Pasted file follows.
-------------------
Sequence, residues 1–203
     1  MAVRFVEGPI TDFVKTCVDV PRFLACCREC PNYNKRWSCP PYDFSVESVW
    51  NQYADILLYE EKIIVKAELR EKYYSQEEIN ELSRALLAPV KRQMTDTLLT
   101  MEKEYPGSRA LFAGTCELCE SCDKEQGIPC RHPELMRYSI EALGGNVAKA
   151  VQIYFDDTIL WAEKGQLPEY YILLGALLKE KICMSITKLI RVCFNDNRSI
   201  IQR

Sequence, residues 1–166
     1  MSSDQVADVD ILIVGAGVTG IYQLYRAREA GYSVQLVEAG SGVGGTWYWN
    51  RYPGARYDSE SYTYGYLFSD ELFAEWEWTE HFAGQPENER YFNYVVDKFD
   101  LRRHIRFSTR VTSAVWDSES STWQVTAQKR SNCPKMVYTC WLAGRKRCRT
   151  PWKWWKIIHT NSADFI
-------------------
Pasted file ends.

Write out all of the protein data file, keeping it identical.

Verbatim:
Sequence, residues 1–203
     1  MAVRFVEGPI TDFVKTCVDV PRFLACCREC PNYNKRWSCP PYDFSVESVW
    51  NQYADILLYE EKIIVKAELR EKYYSQEEIN ELSRALLAPV KRQMTDTLLT
   101  MEKEYPGSRA LFAGTCELCE SCDKEQGIPC RHPELMRYSI EALGGNVAKA
   151  VQIYFDDTIL WAEKGQLPEY YILLGALLKE KICMSITKLI RVCFNDNRSI
   201  IQR

Sequence, residues 1–166
     1  MSSDQVADVD ILIVGAGVTG IYQLYRAREA GYSVQLVEAG SGVGGTWYWN
    51  RYPGARYDSE SYTYGYLFSD ELFAEWEWTE HFAGQPENER YFNYVVDKFD
   101  LRRHIRFSTR VTSAVWDSES STWQVTAQKR SNCPKMVYTC WLAGRKRCRT
   151  PWKWWKIIHT NSADFI